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Foods Poisonous to Cats – The Ultimate Guide on What Foods to Avoid and What Foods Are Safe for Our Cats

Foods Poisonous to Cats – The Ultimate Guide on What Foods to Avoid and What Foods Are Safe for Our Cats

✔ This article was written by a licensed veterinarian.

My name is Iulia and I’m a licensed vet. In my years of practicing veterinary medicine, I have been asked an extremely common question: “Can I feed my cat X?”. So I decided to write an extensive article covering the foods poisonous to cats to educate cat owners on how to safely treat their pets.

But first, a quick history lesson. Farmers domesticated cats thousands of years ago to help get rid of unwanted pests that ate their crops. Years have passed, and now we have come to own cats with which we share our bed, our time, and sometimes even our food. Especially if we leave the table with a full plate still sitting there.

These little felines are known to be true (or obligatory) carnivores. This means that they should consume only animal protein (meat and meat by-products: organs, skin, bones) to provide them with energy. These proteins meet all their nutritional requirements to survive. In other words, their digestive system is built to eat and digest meat. 

We cover the following items in this post:

Read on to learn everything you need to know about foods poisonous to cats!

Can You Feed a Cat Human Food?

A cat eating a bowl of beef. Foods poisonous to cats.
Dinner sounds like it will be delicious tonight! It’d be a shame if some of the beef goes missing. But it’d be a bigger shame if I didn’t get some beef myself.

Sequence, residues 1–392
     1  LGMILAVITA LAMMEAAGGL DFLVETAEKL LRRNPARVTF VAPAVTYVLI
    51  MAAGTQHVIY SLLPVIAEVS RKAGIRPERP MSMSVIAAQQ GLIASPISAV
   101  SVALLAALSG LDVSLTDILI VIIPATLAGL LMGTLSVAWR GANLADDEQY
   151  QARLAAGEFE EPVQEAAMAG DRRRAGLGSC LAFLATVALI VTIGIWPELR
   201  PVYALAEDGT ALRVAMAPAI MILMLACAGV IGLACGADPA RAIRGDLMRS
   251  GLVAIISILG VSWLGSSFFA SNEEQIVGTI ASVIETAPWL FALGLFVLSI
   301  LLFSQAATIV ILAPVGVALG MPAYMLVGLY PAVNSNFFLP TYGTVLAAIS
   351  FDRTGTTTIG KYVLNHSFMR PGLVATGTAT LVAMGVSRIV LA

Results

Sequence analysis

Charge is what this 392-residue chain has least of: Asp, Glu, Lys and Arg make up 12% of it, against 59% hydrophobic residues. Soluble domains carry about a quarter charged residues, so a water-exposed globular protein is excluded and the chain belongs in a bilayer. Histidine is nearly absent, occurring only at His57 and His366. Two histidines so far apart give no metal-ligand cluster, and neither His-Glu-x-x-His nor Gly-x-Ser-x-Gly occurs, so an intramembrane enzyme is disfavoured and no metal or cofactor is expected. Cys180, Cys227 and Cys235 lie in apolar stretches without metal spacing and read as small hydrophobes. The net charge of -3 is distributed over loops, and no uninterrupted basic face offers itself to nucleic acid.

The short answer is yes, but it depends on the type of food and how much you plan on giving them. Because we are omnivores, we can eat meat, plants, algae, fungi, and Oreos (not required, but delicious). Cats are a bit more sensitive. 

For instance, your cat shouldn’t have many vegetables that you would eat. Vegetables contain cellulose, a dietary fiber that cats cannot digest. 

Although they cannot digest cellulose, cats can occasionally taste certain vegetables that are safe to eat (see below). Moreover, there are some foods/ingredients that contain certain compounds that are poisonous to your cat.

Below you will see what foods are safe for your cat to eat and which foods are poisonous to cats.

Which Human Foods Are Safe for Cats to Eat?

  • Vegetables that contain high amounts of fiber, vitamins, and minerals are great for your cat’s health. Safe vegetables include broccoli, carrots, zucchini, asparagus, green beans, peas, lettuce, and spinach. They must be pre-cooked by baking them in the oven or steaming them to preserve their properties.